With respect to the actual determination of cultural traits -- a necessary initial procedure before plotting distributions -- the Germans used only the criterion of form and firmly rejected psychological associations. For example, the definition of "bow" as a culture trait would be defined only with respect to morphological characteristics, and the more detailed the formal definition of the trait, the better, such as distinguishing the self bow, composite bow, and sinew-backed bow. On the other hand, they would not care whether the bow was used for hunting or warfare, whether its use was limited to adult men or considered a toy for children, whether bows were made by individuals for private use or produced by specialized craftsmen. Thus, if it were found that many highly detailed and logically unrelated traits co-occurred in diverse locations, then the case for historical relations among the locales would be strong, and the region which best exemplified the 'whole package' would be identified as the culture-center. These principles of ethnological analysis were published by Fritz Graebner, a leading figure of the Kulturkreislehre, in 1911, and Boas published his review of Graebner's book (which was never translated into English!) the same year.

As early as 1896, Boas (1966a) published views of culture and culture change that separated his own historical method from what he called the "comparative method" as practiced by both diffusionists and parallel evolutionists. His review of Graebner crystalized their differences. A key contrast was Boas's belief that similar results could be reached through different histories or causal sequences (Boas 1965:169; 1966a:273, 280; 1966c:282; 1966d:258; 1938:4). That is, Boas's framework for explaining cultural similarities allowed for convergent evolution(2) as well as historical transmission and parallel evolution. But, to make room for convergent forces to produce similar culture traits, Boas emphasized the relevance of the psychological dimensions of a trait (its contextual meaning, purpose, and functions), precisely those aspects that Graebner rejected as irrelevant to historical analysis.

"The theory of convergence claims that similar ways may (not must) be found. This would be a truism, if there existed only one way of solving the problem... Nobody claims that convergence means an absolute identity of phenomena derived from heterogeneous sources; but we think we have ample proof to show that the most diverse ethnic phenomena, when subject to similar psychical conditions, or when referring to similar activities, will give similar results (not equal results) which we group naturally under the same category when viewed not from an historical standpoint, but from that of psychology, technology or other similar standpoint" (Boas 1966b:299).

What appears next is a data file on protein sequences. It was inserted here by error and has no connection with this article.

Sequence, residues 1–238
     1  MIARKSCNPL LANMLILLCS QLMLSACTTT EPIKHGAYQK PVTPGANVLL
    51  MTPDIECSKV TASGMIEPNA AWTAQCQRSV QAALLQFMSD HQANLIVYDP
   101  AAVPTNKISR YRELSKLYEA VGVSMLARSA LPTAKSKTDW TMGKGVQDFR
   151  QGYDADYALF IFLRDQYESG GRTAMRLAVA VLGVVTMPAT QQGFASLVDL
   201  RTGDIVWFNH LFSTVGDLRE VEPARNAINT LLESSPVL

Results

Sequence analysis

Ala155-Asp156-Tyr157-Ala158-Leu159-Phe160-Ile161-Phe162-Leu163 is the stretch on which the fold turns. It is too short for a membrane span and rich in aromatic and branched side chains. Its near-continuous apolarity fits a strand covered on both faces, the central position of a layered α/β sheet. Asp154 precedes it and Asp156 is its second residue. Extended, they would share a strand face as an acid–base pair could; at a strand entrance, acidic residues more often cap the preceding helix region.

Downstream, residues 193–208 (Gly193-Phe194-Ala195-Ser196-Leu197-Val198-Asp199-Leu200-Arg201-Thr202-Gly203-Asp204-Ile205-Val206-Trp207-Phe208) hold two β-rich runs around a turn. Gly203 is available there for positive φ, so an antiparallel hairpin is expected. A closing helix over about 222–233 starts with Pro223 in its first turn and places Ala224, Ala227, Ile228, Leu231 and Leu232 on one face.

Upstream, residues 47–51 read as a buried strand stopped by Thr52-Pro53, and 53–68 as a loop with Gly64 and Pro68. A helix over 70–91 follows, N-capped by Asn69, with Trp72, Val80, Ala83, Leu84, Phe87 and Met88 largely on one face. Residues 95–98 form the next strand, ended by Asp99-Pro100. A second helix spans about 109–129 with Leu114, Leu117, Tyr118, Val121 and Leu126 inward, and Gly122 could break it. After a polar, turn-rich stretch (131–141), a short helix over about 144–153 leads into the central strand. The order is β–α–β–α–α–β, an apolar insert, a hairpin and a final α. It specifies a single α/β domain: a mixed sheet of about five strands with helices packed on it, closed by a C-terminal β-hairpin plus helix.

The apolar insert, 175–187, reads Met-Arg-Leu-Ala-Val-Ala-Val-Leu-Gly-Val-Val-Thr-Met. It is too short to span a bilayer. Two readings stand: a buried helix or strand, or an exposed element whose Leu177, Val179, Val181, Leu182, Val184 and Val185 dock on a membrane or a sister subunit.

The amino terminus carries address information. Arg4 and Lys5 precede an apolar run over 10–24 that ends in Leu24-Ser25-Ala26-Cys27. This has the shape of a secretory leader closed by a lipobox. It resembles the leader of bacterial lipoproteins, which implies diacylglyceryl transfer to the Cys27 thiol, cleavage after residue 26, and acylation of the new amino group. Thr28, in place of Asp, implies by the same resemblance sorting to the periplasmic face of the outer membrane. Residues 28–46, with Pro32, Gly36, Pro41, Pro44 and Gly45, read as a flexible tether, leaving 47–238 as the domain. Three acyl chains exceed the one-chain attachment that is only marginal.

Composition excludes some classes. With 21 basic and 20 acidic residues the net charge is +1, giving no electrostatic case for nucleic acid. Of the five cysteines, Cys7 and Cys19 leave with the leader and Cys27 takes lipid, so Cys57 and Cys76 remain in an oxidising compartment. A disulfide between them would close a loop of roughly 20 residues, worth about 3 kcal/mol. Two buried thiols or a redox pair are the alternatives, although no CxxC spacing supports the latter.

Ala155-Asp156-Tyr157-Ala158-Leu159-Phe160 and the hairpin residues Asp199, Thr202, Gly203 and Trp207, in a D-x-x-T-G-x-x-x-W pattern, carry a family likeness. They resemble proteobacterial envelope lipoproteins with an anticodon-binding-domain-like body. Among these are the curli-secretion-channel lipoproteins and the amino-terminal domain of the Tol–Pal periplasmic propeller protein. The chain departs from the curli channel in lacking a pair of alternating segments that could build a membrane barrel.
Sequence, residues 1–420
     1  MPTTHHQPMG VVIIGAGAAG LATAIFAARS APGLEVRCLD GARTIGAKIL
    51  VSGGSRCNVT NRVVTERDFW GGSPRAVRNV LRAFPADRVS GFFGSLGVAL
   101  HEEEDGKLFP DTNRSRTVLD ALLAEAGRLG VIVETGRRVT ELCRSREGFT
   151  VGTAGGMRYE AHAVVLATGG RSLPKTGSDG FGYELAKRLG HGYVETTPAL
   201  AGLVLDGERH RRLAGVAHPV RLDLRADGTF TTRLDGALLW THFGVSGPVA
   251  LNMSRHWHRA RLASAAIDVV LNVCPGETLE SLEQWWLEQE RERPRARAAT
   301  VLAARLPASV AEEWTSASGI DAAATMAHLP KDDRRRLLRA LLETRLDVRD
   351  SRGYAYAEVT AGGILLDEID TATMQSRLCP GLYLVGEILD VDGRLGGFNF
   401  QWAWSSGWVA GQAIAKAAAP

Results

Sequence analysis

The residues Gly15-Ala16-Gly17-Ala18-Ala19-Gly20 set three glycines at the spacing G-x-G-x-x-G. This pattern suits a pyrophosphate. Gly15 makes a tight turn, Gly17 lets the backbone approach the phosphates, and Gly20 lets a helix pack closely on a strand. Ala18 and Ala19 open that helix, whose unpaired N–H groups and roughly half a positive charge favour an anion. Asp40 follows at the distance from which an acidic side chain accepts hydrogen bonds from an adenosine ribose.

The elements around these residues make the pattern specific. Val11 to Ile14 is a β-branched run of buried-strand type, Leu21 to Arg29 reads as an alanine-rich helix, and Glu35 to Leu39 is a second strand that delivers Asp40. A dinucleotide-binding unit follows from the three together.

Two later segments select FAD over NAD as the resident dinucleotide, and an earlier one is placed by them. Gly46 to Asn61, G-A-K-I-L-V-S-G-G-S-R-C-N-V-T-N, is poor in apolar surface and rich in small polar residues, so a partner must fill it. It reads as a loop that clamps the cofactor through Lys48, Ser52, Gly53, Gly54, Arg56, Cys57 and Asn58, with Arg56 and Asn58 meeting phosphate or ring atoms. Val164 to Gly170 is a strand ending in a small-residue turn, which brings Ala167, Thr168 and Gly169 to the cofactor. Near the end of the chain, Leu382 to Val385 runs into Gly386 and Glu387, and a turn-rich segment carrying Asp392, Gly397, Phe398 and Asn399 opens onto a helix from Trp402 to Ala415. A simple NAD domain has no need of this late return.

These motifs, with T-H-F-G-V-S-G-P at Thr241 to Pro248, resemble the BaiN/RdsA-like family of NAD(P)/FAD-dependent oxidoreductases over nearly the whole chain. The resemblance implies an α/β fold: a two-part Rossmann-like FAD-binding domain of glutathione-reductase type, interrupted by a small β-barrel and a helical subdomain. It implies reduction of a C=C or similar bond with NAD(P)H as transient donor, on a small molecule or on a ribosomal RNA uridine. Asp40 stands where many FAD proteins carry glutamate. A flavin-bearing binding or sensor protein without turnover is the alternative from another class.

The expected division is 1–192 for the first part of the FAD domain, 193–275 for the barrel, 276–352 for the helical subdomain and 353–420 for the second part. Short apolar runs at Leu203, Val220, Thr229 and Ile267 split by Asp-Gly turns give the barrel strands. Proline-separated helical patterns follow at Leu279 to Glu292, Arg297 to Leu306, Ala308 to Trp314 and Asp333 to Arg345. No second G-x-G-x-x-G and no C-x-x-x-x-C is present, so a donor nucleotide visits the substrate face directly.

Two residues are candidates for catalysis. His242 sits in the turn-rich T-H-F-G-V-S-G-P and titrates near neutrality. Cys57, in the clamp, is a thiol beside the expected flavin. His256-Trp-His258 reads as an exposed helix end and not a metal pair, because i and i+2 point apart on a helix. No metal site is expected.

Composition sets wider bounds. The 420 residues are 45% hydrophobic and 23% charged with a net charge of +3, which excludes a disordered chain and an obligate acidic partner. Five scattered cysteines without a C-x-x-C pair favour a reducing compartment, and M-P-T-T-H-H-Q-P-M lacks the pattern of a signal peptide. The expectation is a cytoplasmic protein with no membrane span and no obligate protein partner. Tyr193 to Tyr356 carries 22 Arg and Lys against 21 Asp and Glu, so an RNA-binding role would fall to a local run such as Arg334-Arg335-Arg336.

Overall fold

"The concepts of comparability and homogeneity, as I understand them, have to deal not only with historical relationships, but to a much higher degree with psychological similarity, for only as elements of the mental make-up of society do ideas or actions become potent and determining elements of further development" (Boas (1966b:300).
Boas's review prompted Lowie (1912) and then Goldenweiser (1913) to enter the fracas, both siding with Boas's view concerning convergent forces in culture history and, hence, arguing that purely formal characteristics are insufficient to properly define culture traits. This emphasis on the 'psychological dimensions' of culture traits culminated in Linton's (1936:402-405) distinctions among four aspects of a culture trait: form, function, use, and meaning.

In What Sense are Culture Traits 'Units'

For my purposes, it is time to draw some lessons from the Graebner v. Boas debate. First, if we take Graebner's side and confine ourselves to purely formal characteristics when defining a culture trait, the definition we devise cannot help but be rather arbitrary. Think back to the bow example. Why should we distinguish the self bow from the composite and sinew-backed bows? If we think specificity is our guiding light, then note that the English longbow and the short bow of the Comanche are equally 'self bows.' But, the English longbow was made of yew and D-shaped in cross-section with waxed hemp or flax string, whereas the Comanche short bow was made of Osage orangewood taken from the heart of the tree, highly polished, and rectangular in cross-section with sinew string.(3) And, of course, close examination of a collection of English (all five of them) and Comanche bows would reveal formal variations at ever finer levels of detail.

How specific are our definitions of traits to be?? There is no non-arbitrary answer to this question. And, on purely logical grounds, definitions of culture traits become only more arbitrary and murky if we expand relevant criteria to include meaning, use, and function as well as form, i.e., four categories of variability rather than just one.